Interfaced Diagnostic Equipment
A hospital was hacked via a backdoor security flaw in their diagnostic laboratory equipment. The massive amount of PHI in these data systems was a goldmine for the hackers but the hospital had to pay out millions in fines due to the data-breach. Total financial impact was in the hundreds of millions of dollars in fines, remediation, patient churn and brand damage.
Doctrly determined that the only required fields were Patient Name and Patient ID. All remaining 37 patient demographics fields (including Mother’s Maiden Name, Marital Status and Drivers License Number) were not required for the LIS to properly interact with Cerner EHR. Doctrly now redacts all sensitive demographics fields across their entire ACO network in real-time.
Laptops and Thumb Drives
A large hospital system hired a nationally recognized consulting firm to do financial analysis on 2 clinical profit centers. The consultants weren’t allowed to take laptops home, as a result of security policies. In order to circumvent the security policies, a consultant downloaded patient data to a thumb drive to work on at home over the weekend. Unfortunately, the thumb drive was lost and 15,000 patient records were breached.
Using Doctrly, the hospital system implemented an automated data redaction system to ensure future consultants do not have access to any PII except for a Patient Identifier. Financial consultants don’t require access to any other piece of identifying information.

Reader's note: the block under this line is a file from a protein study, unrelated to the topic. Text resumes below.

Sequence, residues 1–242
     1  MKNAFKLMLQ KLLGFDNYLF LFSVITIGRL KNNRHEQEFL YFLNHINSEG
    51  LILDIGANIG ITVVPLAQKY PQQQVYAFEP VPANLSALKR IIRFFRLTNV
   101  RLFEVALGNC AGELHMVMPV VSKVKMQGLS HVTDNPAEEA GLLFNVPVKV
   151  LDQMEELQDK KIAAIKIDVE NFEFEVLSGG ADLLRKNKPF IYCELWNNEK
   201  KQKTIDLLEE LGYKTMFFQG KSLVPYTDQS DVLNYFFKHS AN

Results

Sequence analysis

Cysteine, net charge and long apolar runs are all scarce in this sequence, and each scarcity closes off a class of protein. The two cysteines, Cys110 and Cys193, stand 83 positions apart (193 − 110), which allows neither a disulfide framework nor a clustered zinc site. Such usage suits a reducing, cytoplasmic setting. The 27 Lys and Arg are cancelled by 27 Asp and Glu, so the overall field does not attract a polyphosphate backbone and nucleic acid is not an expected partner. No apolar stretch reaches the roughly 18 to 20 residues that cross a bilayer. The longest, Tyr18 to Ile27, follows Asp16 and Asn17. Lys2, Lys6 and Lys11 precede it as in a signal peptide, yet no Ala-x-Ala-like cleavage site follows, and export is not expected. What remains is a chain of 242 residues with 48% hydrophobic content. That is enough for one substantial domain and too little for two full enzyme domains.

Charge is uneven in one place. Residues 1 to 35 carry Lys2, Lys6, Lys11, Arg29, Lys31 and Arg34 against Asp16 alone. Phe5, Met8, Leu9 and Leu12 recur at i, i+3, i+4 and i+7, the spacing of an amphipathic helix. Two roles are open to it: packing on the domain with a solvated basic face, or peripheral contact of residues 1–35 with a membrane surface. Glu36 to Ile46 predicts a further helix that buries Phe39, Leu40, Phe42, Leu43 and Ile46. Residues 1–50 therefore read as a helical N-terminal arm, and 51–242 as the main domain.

3rd Party Software
A California-based hospital group wanted to use a Continuity of Care Application to help reduce patient readmissions after a patient’s hospital discharge. The hospital’s IT department determined the new software wasn’t worth the data-security risk, so the deal never moved forward.
The IT department, using Epic EHR, told the Software company that it would get access to the hospital via Epic’s App Orchard. Using Doctrly (a partner with Epic), the hospital’s IT department was able to filter which specific PHI fields the application received. In this case, they were only to receive a Patient ID number, First Name and Primary Diagnosis code during the patient’s inpatient visit - and nothing else. The IT department was satisfied that nothing of significant value was being transmitted to the application and the Continuity of Care application went live. Subsequent readmissions were reduced by 23%.